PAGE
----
Sorry, Team “Yanny” – AI says it’s “Laurel”

Is it Laurel, or is it Yanny? The audio clip that has divided the world has an answer – and according to Nuance researcher Nils Lenke, it’s backed by artificial intelligence.
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Back in 2015, the internet was in an uproar over the phenomenon known as “The Dress” – a seemingly innocuous photo of a black and blue (or was it white and gold?) dress that prompted experts to investigate the science behind human vision and color perception. This week, a new sensation has ignited another fiery debate.

While studying for an exam, a high school freshman found an audio clip for the world “laurel” on Vocabulary.com – except to her, it didn’t sound like “laurel” at all. The recording was posted to Reddit and chaos ensued. The sound bite left listeners astonished that they could hear something so entirely different than the person sitting next to them.

 

So, is it Laurel or Yanny? The audio clip that has divided the world finally has an answer. Well, another perspective at least. And this one is backed by artificial intelligence.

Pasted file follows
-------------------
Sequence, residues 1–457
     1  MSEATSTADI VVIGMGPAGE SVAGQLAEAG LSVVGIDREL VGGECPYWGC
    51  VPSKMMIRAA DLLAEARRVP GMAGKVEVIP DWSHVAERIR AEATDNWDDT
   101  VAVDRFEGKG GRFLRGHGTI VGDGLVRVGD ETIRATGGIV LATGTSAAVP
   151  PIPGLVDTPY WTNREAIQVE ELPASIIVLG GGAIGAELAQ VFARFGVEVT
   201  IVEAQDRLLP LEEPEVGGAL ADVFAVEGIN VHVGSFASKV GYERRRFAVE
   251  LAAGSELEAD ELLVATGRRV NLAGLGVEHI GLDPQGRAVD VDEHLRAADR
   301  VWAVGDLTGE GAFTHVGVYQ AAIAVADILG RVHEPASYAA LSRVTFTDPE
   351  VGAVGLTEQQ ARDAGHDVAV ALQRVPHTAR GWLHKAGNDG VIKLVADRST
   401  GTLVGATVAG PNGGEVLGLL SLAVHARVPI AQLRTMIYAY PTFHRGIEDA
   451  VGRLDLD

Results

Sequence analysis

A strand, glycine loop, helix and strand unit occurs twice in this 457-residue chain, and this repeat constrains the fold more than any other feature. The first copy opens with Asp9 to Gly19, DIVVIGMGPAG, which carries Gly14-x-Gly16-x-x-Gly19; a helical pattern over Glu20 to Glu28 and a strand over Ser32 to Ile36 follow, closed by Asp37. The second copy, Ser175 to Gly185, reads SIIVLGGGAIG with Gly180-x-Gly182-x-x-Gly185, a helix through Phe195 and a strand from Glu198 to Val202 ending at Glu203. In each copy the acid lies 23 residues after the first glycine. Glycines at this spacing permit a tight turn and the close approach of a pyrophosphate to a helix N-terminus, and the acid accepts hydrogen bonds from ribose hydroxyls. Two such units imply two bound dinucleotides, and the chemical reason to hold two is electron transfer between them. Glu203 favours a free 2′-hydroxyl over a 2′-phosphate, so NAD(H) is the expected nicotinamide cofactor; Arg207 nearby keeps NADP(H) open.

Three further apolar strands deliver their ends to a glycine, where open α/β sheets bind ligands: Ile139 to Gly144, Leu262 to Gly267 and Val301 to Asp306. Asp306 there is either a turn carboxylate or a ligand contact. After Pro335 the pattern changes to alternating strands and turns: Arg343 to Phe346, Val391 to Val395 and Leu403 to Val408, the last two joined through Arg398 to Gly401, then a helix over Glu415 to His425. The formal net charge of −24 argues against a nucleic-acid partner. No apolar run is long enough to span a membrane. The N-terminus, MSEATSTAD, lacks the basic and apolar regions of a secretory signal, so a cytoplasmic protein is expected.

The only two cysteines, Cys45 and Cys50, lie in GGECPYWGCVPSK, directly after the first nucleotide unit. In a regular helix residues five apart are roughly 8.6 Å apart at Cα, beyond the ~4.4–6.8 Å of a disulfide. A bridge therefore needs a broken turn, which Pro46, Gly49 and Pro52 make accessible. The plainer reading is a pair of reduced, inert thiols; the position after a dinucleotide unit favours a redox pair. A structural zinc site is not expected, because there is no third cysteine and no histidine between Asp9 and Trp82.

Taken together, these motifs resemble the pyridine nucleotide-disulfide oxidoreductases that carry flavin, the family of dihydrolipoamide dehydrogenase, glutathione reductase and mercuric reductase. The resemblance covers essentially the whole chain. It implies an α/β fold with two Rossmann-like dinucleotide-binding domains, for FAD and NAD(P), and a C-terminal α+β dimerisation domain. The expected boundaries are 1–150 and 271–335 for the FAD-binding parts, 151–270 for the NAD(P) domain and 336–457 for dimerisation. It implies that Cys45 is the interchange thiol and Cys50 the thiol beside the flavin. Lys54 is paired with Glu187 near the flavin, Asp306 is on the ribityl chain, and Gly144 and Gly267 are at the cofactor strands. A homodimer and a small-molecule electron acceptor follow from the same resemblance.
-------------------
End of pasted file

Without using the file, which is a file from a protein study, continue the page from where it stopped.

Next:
We used our Dragon platform, the speech recognition software behind many Intelligent Assistants in the car, on TVs, IoT devices, and beyond, to find out what it would make of the clip. The result was “Laurel,” without a doubt.

Nils Lenke, senior director of corporate research at Nuance, said: “Dragon hears ‘Laurel.’ Speech recognition technology today is based on artificial neural networks that are supposed to mimic the way the human brain works. We train these networks on thousands of hours of human speech, so it can learn how the phonemes – the smallest building blocks of language – are pronounced. But it is clearly not an exact copy of how we as humans hear and interpret sounds, as this example shows. So, we can all still feel “special”– especially those who hear ‘Yanny’!”

Artificial intelligence stands with Laurel. Maybe those of us in camp Yanny will be on the right side of technology for the next viral controversy.

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Dayna McCoubrey

About Dayna McCoubrey

In her role as Communications Specialist, Dayna supports Nuance’s four divisions, offering her writing, research, and editing skills to the Corporate Communications team. Dayna earned her B.A. from Connecticut College in 2014, where she was an English language and literature major and an anthropology minor. Dayna is a big fan of coffee, donuts, and her cats, Chicken and Hugo.